The chin pad 14 has a substantially convex outer surface 38 and a substantially concave inner surface 39 extending along upper and lower edges 41, 43 between the opposite ends 40. The upper and lower edges 41, 43 are generally shaped similar to the upper and lower edges 27, 29 of the outer shell 12, and thus, are arcuate and have a substantially uniform radius of curvature configured to follow the general shape of the wearer's chin. The convex shape of the outer surface 38 is shaped generally the same as the inner surface 26 of the outer shell 12. As such, the outer surface 38 of the chin pad 14 generally abuts the inner surface of the outer shell 12 upon assembly. To facilitate conforming of the outer surface 38 with the inner surface 26, the outer surface can be fabricated at least in part from Lycra, as noted above. The concave inner surface 39 is generally shaped to provide a cup-shaped pocket configured to receive the wearer's chin therein. The inner surface 39 can be fabricated using Vaportek, as noted above, to facilitate absorption of perspiration, although others suitable materials could be used.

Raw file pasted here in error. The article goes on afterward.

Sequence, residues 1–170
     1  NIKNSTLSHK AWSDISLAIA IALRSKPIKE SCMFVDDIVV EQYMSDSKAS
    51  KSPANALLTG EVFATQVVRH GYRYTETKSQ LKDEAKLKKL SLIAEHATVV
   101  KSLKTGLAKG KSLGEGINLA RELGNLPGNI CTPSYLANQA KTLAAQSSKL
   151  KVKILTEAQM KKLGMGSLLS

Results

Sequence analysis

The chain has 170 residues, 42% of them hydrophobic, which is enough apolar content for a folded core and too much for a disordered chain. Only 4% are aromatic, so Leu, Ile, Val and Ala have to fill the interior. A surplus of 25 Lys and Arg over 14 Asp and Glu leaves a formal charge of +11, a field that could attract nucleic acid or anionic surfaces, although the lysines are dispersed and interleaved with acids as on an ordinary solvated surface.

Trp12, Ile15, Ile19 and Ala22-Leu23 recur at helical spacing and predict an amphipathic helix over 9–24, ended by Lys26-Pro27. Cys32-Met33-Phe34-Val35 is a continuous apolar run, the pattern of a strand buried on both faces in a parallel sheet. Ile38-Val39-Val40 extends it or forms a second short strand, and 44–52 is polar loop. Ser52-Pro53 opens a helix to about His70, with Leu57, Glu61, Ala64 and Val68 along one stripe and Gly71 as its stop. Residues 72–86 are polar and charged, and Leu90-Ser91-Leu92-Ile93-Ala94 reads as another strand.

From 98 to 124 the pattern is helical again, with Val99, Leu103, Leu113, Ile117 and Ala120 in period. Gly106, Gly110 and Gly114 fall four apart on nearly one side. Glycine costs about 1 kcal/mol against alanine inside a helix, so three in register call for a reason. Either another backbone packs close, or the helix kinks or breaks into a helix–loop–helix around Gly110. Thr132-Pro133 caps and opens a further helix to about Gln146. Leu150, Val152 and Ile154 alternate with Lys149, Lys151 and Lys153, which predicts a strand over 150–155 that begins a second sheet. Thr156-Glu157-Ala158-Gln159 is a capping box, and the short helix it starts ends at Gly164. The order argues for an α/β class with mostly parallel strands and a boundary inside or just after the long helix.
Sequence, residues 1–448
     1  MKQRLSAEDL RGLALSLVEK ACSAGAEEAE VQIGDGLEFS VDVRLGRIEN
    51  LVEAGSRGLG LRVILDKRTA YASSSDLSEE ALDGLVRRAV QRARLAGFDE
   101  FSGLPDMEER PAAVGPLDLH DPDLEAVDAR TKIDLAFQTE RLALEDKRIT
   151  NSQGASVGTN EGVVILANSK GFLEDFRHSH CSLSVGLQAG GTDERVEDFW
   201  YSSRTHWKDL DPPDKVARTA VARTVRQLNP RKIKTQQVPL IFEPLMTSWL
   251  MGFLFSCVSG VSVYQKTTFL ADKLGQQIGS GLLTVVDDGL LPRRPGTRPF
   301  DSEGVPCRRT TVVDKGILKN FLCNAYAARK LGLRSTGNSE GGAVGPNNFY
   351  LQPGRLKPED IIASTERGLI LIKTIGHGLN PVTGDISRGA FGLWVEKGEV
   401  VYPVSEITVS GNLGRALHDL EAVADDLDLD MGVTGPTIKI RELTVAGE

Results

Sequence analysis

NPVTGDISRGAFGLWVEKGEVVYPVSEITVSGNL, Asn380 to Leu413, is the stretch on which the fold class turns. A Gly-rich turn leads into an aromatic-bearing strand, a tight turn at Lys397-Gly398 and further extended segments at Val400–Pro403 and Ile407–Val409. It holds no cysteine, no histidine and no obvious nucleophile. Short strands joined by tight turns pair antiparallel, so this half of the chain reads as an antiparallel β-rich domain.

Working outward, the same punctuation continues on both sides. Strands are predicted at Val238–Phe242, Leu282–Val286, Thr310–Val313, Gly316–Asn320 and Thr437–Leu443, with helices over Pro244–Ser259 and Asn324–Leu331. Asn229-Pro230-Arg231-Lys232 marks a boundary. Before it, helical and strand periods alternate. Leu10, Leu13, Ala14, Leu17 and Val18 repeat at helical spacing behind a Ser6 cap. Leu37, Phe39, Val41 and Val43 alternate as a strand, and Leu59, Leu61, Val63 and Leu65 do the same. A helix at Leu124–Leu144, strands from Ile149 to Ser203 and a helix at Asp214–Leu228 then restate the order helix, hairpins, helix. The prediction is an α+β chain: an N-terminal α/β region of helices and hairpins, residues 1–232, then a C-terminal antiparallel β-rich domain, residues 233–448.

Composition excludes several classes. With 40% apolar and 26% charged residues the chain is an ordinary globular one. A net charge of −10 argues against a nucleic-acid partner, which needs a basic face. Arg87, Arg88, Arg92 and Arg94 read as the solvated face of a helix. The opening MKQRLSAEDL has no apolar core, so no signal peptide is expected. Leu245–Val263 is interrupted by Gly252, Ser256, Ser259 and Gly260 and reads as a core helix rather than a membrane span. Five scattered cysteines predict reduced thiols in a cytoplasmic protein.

The chin pad 14 has an attachment mechanism 44 for securing the chin pad 14 to the outer shell 12 independently from the straps 16. The attachment mechanism 44 includes elongate members, also referred to as straps 46, 48, extending outwardly from the convex outer surface 38 to free ends 47, 49. The straps 46, 48 are sized for receipt through the openings or slots 30 in the outer shell 12 upon disposing the chin pad 14 within the pocket 28 of the outer shell 12. Upon disposing the chin pad 14 in the pocket 28 and the straps 46, 48 through the slots 30, the free ends 47, 49 can be secured or coupled to one another externally or outwardly from the outer surface 24 of the outer shell 12 to prevent inadvertent removal of the chin pad 14 from the outer shell 12.